I started preparing for the first conversation years ago. Despite this I still felt nervous prior to the first conversation with a patient who had been approved for Assisted Dying. The End of Life Choice Act 2019 came into effect in Aotearoa New Zealand on 07 November 2021. The first time I met an approved patient was only at the start of this year.
I wasn’t sure how it was going to go. We had been in email contact and I knew their illness had led to speech impairment amongst many other losses. They would be coming with their sibling and sibling-in-law, and their sibling’s child. Coming in a for a pre-visit to our venue, some weeks prior to their scheduled assisted death. They lived in another catchment area and were not a patient of our hospice.
What would it be like talking to someone whose death was scheduled with certainty in two weeks’ time. In every other end of life conversation I had was full of uncertainty. When would it happen was a mystery and there were no solid leads or clues with which to solve it. How would it feel like to talk to someone who knew exactly when they would die?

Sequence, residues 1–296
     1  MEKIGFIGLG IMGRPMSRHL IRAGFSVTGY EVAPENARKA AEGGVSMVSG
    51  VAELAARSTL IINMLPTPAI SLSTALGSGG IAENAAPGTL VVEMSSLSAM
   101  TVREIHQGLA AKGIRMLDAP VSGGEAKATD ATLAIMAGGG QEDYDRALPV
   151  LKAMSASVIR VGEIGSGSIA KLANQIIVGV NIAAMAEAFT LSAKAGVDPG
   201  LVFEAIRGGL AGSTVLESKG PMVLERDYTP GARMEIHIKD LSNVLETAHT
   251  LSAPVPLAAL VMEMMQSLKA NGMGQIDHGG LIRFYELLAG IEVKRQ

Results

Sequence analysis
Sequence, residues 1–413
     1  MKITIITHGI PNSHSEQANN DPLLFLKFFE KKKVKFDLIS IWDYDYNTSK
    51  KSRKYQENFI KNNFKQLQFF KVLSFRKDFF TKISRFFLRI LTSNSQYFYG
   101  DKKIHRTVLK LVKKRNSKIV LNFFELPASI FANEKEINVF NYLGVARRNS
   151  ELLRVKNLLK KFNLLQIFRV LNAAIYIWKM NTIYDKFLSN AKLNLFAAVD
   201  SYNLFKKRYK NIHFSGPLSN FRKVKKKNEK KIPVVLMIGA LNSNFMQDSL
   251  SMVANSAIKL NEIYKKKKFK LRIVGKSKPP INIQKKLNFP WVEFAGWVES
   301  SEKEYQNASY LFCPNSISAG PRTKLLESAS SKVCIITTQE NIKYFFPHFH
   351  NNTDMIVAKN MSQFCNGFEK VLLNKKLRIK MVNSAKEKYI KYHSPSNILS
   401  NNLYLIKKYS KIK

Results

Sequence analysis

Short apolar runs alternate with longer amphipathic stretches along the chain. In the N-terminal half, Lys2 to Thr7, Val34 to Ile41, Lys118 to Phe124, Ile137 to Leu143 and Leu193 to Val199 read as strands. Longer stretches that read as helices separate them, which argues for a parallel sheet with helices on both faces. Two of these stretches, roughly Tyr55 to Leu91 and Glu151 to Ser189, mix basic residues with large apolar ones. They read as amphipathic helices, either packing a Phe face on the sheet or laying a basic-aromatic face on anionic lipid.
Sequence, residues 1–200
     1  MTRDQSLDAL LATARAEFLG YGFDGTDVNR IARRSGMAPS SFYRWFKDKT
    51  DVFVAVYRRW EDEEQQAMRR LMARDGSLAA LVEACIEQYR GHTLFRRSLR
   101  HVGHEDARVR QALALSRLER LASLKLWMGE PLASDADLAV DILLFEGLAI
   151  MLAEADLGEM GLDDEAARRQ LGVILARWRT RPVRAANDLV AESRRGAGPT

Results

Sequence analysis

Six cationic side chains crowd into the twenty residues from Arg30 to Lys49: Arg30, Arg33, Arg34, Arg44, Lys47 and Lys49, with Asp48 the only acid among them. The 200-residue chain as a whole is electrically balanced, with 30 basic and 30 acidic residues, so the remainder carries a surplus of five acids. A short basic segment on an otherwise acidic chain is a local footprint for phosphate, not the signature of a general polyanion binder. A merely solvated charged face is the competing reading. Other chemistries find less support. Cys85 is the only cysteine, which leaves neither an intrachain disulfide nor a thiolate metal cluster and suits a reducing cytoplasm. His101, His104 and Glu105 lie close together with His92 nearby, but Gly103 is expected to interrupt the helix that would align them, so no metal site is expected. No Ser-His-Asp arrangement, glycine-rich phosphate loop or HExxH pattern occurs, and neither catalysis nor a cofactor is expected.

I didn’t have any pre-prepared words for this first time encounter. The patient and their family arrived and I went out to welcome them to our venue. I escorted them into the living room area, showed them the kitchen and courtyard access through the kitchen door. The bathroom and bedroom doors were left open for viewing.
My team and I chatted to the patient and their team of loved ones. Within minutes I had the answer to my question about how it would feel to talk to an assisted dying patient. We talked about who they were and what their illness had taken away from them and their family. It became apparent that FOMO (Fear of Missing Out) was not happening, instead it was AMO (Actually Missing Out) that was happening, due to debility and disability from the disease process.
I came to the realisation that it felt no different than any other conversation with a palliative care patient. This was because the patient was a palliative care patient. Someone with an incurable, life-limiting illness, who was already dying. They had chosen an alternative to standard palliative care treatments but still needed our care and compassion. I relaxed and went back into my comfort zone, and it felt like I was talking to any other hospice patient. Any other palliative care patient who deserved to be treated with respect and kindness. We had a nice conversation in which we all got to know each other better and shared a few laughs.
We bade each other farewell and the patient would come back with other loved ones in a fortnight’s time. We remained in email contact and numbers were confirmed for the scheduled appointment when we would meet again.